Image: CC/IABP (rotated)
Key Study Points:
- The use of intraaortic balloon counterpulsion (IABP) in patients with MI complicated by cardiogenic shock did not decrease 30-day mortality in comparison to control group without IABP.
Primer: Intraaortic balloon pump counterpulsation (IABP) is the most commonly employed circulatory assist device in hemodynamically compromised patients. The purpose of this device is to improve cardiovascular function by increasing mean arterial pressure, coronary perfusion pressures, cardiac output, and decreasing heart rate. This device is frequently inserted through the common femoral artery under fluoroscopy and placed just distal to the left subclavian artery. Using advanced software algorithms synced to the aortic pressure and electrocardiogram, the balloon is deployed during diastole and deflated just before the aortic valve opens in systole. Conventional uses of this device include cardiogenic shock, intractable myocardial ischemia, and refractory heart failure while patients await further therapy. Contraindications to using this device include moderate to severe aortic regurgitation, hemorrhage, and severe peripheral arterial disease.
Cardiogenic shock post-myocardial infarction is a devastating outcome associated with a high mortality rate. At time of publication, international guidelines widely recommended the use of intraaortic balloon counterpulsion (IABP) for patients with MI complicated by cardiogenic shock. Given inconclusive survival benefits of using these intraaortic balloon pumps, this study focused on the use of IABP in the setting of cardiogenic shock secondary to myocardial infarction in assessing 30-day all-cause mortality.
1. Sjauw KD, Engstrom AE, Vis MM, et al. A systematic review and meta-analysis of intra-aortic balloon pump therapy in ST-elevation myocardial infarction: should we change the guidelines? Eur Heart J 2009; 30:459-68.
2. Prondzinsky R, Unverzagt S, Russ M, et al. Hemodynamic effects of intra-aortic balloon counterpulsation in patients with acute myocardial infarction complicated by cardiogenic shock: the prospective, randomized IABP SHOCK trial. Shock 2012; 37:378-84.
3. Goldberg RJ, Spencer FA, Gore JM, et al. Thirty-year trends (1975 to 2005) in the magnitude of, management of, and hospital death rates associated with cardiogenic shock in patients with acute myocardial infarction: a population-based perspective. Circulation 2009; 119:1211-9.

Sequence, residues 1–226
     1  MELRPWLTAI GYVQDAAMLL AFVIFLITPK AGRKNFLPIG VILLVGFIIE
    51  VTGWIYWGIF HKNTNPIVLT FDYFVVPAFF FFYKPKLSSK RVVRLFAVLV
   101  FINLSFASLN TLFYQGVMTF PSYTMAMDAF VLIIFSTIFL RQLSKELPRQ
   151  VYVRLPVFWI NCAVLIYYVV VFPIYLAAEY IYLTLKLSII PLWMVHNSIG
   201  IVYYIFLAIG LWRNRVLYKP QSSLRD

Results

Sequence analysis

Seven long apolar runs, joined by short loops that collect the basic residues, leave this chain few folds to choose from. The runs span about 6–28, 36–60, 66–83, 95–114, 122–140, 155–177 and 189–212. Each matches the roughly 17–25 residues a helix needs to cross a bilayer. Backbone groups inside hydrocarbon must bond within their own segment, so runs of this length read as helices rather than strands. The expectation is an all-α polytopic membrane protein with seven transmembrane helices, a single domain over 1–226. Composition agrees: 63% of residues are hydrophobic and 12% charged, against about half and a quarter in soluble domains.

This [prospective open-label, randomized] study: The study included 598 patients who had myocardial infarctions complicated by cardiogenic shock between June 16, 2009 and March 3, 2012. Patients were randomized into two treatment groups consisting of those who received intraaortic balloon counterpulsation (300 patients) and those who did not (298 patients). Results showed no statistically significant difference in 30-day all-cause mortality between the treatment groups, 39.7% vs. 41.3% respectively. Subgroup analysis of the primary end-point showed a mortality benefit of IABP in patients who were younger (19.4% vs. 44.1%), had no previous infarctions (37.3% vs. 43.3%), and did not have hypertension (28.9% vs. 43.0%). They demonstrated that there was no improvement in secondary end-points such as serum lactate, renal function, or C-reactive protein between the two treatment groups.
In sum: This study showed that in patients who suffered cardiogenic shock secondary to myocardial infarction that underwent early revascularization, the use of IABP when compared to standard therapy, did not demonstrate improved survival. Intraaortic balloon pumps have, for nearly 5 years, been considered a Class I treatment recommendation per numerous international guidelines for post-myocardial cardiogenic shock, though this study questions the validity of this recommendation. The study also concurs with recent prior studies and meta-analyses that also indicate a lack of survival benefit in using IABP in patients post-MI. Subgroup analyses did indicate possible benefit for younger patients and patients without prior MI, and further study will be required to delineate this further. Similarly, the relatively small sample size and short time of follow-up (re-assessment are planned at 6- and 12- months) must be kept in mind when interpreting this otherwise well-designed study.
In the bigger picture, the study serves as another reminder that many of the guidelines followed in everyday patient management do not always have strong evidence to support them. Randomized, controlled trials in seriously ill patients (e.g. post-MI cardiogenic shock) are difficult to conduct, but this study illustrates their value in providing a means to evaluate both novel interventions and existing guideline recommendations.
Written by [BH] and [RR]
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